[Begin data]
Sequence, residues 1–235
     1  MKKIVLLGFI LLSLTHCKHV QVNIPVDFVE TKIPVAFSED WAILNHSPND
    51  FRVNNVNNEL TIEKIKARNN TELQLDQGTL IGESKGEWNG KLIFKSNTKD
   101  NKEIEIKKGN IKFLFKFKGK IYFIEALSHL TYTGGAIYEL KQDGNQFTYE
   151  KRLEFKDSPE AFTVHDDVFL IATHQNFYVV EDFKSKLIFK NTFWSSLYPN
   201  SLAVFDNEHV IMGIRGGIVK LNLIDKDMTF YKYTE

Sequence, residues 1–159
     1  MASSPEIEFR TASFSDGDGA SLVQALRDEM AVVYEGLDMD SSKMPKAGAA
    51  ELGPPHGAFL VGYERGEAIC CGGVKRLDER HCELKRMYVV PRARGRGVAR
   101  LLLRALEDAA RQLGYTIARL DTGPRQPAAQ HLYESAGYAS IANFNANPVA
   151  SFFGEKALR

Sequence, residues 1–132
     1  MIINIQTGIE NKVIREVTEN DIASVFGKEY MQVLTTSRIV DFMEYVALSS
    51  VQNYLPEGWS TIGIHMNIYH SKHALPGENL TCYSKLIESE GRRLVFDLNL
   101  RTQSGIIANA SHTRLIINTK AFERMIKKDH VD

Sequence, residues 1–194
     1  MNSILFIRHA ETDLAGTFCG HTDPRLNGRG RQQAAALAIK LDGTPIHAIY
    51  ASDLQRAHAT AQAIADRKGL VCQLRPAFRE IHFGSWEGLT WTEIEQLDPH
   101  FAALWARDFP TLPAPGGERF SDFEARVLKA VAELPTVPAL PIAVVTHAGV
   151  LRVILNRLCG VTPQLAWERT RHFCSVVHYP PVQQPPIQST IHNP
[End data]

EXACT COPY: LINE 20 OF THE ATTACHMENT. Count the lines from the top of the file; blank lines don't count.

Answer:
   151  LRVILNRLCG VTPQLAWERT RHFCSVVHYP PVQQPPIQST IHNP